Tao leaders live close to nature.
Their actions flow from the heart.
In words, they are true;
In decisions, just;
In business, effective;
In action, aware of the timing.


Tao Te Ching, Chapter 8


Sometimes being aware of the timing means being mindful of others. When a friend is feeling stressed, overwhelmed by too much to do, right timing means being understanding and compassionate, giving your friend space.


Sometimes right timing means following your intuition. Years ago when I was a nineteen year-old college sophomore, driving home from a summer temp job, I passed by the local newspaper office, the Riverside Press-Enterprise. Suddenly the through struck me—"I'm a writer. That's where I should be working."


Without hesitation, I turned my red Volkswagon into the Press-Enterprise parking lot, and walked in the door. "Hi. I'm a writer," I said, "I'd like to apply for a job." Ushered upstairs to the personnel department, I filled out the paperwork and learned that their college intern had given her notice that morning. I was hired on the spot.


Timing. In an instant, some doors can open, leading to new possibilities. When our "actions flow from the heart," we can be intuitively led to right action and right timing.


How have you used the lesson of timing in your life?


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Leading with Ego or Wisdom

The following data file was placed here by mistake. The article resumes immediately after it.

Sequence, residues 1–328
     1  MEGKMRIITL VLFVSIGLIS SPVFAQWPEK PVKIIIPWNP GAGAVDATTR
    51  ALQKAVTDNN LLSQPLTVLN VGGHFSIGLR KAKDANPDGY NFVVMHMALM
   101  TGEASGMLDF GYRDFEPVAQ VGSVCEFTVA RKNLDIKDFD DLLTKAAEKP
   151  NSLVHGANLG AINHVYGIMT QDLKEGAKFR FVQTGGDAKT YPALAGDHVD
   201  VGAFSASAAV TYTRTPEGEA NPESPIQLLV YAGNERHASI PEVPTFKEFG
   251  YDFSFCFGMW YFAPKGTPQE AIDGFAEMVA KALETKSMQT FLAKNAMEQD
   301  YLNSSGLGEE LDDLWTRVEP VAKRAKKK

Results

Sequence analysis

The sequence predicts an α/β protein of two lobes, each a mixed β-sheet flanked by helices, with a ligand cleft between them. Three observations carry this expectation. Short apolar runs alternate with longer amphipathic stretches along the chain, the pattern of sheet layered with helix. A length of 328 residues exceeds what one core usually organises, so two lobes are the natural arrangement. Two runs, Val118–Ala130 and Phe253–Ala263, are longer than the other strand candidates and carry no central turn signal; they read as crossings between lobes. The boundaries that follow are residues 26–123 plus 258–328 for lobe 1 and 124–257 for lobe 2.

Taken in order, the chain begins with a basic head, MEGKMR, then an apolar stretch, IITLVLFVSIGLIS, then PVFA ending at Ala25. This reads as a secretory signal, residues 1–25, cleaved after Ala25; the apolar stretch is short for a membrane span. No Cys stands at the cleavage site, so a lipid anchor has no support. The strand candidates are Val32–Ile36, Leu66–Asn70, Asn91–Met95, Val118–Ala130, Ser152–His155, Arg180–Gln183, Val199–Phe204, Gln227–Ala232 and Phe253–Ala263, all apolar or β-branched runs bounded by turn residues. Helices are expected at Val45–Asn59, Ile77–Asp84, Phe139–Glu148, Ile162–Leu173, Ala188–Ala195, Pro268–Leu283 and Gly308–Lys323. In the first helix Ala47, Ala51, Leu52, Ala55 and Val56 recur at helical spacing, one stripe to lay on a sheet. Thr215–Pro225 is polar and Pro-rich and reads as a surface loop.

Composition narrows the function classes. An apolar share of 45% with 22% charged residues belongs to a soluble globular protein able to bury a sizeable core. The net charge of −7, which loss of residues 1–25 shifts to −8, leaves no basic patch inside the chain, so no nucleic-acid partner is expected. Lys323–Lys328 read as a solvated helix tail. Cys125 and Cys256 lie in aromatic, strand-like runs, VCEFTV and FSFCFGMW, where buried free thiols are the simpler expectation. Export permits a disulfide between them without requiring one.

We have many varieties of leadership today.
The flashy leaders who focus on themselves with PR, noise, and lots of ego can be thrown off balance by challenging times.


Wise leaders are less about ego and more about vision and process. Unlike their flashy counterparts, they can meet any challenge with strength of character.


The Tao Te Ching tells us:


Tao leaders
Are wise as the ages.
Their depth cannot be sounded,

Yet we can describe their actions:
Mindful, as if crossing an icy stream;
Focused, as in the midst of danger;
Respectful, as if an honored guest;
Fluid, as melting ice;
Honest, as an uncarved block of wood;
Open, as a yielding valley;
Blending, as earth and water.


Tao Te Ching, Chapter 15


Does one of these qualities stand out for you? If so, how can you cultivate more of it, bringing more of the wisdom of Tao leadership into your life?


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The Tao is Now

The Tao Te Ching says:


The Tao leader
Lives fully in every moment.


Tao Te Ching, Chapter 14